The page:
A dear friend from high school sent me two obituaries this week of people we knew from high school. One was the slightly older brother of a boy who dated one of my friends in high school. I remember this man mostly as a football player in high school. Although he was my high school boyfriend's age, he was not in my boyfriend's circle of friends. The other obituary was for a woman who graduated with me from my all girls' high school. Unfortunately I cannot place who this woman was and I no longer have my high school yearbook handy. My friend promises to scan the picture from the yearbook to see if I can remember this classmate. There were only 108 girls in my graduating class so I am sure I knew her but I just cannot remember her right now. Before death comes the loss of memory.
I think a lot about my two friends who have aggressive cancer. Both are women in their early 50s and both are struggling with massive doses of chemo. As I mentioned above, one of these friends is no longer ambulatory. To cheer me up, my husband likes to describe in gruesome detail the last days of his father's fight with cancer-- the pain, the immobility, the deterioration. Oh joy. And I am supposed to be the Debbie Downer. As I talked to my friend on Friday evening, in the midst of the discussion of the chemo and the pain and the tumors, and through the fogginess of her massive doses of painkillers, I also experienced the person she has always been notwithstanding this terrible disease-- a mother who delights in her relationship with her daughter, a brilliant Harvard graduate who still enjoys a discussion about politics, a friend who wants to shield me and her other friends from the pain she is enduring, a funny, life loving person with wonderful quirks whom I love dearly. I have told her I love her more in recent months than I have in the 20 years of our friendship. And, as George Vaillant has concluded based on his years of research with the Grant study I do indeed feel more vulnerable expressing that love because I do not know how I will deal with the loss of this wonderful person in my life.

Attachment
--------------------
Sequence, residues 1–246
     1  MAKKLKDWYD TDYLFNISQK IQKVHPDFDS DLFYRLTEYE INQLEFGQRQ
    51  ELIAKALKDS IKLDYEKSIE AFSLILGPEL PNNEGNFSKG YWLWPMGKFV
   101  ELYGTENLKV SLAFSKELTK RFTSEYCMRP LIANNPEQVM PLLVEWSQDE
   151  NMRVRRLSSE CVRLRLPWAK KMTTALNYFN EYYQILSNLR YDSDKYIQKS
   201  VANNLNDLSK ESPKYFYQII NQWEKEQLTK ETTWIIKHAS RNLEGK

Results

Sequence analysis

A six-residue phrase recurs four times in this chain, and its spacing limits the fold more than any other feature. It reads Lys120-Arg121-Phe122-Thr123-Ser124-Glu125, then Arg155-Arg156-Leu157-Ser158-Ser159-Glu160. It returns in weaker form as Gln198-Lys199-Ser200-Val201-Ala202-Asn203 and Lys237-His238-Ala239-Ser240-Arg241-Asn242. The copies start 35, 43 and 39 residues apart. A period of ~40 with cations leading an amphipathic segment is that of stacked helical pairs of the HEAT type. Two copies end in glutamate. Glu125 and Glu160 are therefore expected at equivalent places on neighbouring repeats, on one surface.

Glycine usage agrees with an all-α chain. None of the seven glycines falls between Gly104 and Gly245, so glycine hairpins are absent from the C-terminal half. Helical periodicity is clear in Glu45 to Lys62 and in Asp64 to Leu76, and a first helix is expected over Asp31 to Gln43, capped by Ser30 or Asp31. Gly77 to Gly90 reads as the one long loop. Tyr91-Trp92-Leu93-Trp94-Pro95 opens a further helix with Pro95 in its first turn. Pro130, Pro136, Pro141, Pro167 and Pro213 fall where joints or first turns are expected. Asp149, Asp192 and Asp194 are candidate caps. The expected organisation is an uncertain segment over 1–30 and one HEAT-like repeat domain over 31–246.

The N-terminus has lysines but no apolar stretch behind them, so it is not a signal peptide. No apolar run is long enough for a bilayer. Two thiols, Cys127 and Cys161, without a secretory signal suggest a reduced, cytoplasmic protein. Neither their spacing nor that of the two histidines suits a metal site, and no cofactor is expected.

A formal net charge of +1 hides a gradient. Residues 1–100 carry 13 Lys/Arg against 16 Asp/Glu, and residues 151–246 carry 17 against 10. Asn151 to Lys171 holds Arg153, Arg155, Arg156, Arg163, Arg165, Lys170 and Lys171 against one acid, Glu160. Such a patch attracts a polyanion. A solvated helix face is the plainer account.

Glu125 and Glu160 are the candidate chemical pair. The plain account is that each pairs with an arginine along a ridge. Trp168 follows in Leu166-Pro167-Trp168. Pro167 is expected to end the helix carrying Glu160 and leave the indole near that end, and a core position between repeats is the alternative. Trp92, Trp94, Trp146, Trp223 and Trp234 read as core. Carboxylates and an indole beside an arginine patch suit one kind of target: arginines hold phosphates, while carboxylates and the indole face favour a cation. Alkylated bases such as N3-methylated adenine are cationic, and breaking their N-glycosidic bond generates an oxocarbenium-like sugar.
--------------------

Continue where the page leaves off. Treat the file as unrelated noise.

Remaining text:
So maybe it is not just June gloom. Maybe it is my life at this stage of living. And loss is part of life so best to appreciate what we have in the here and now. That's why I will continue to express my love to those I do love.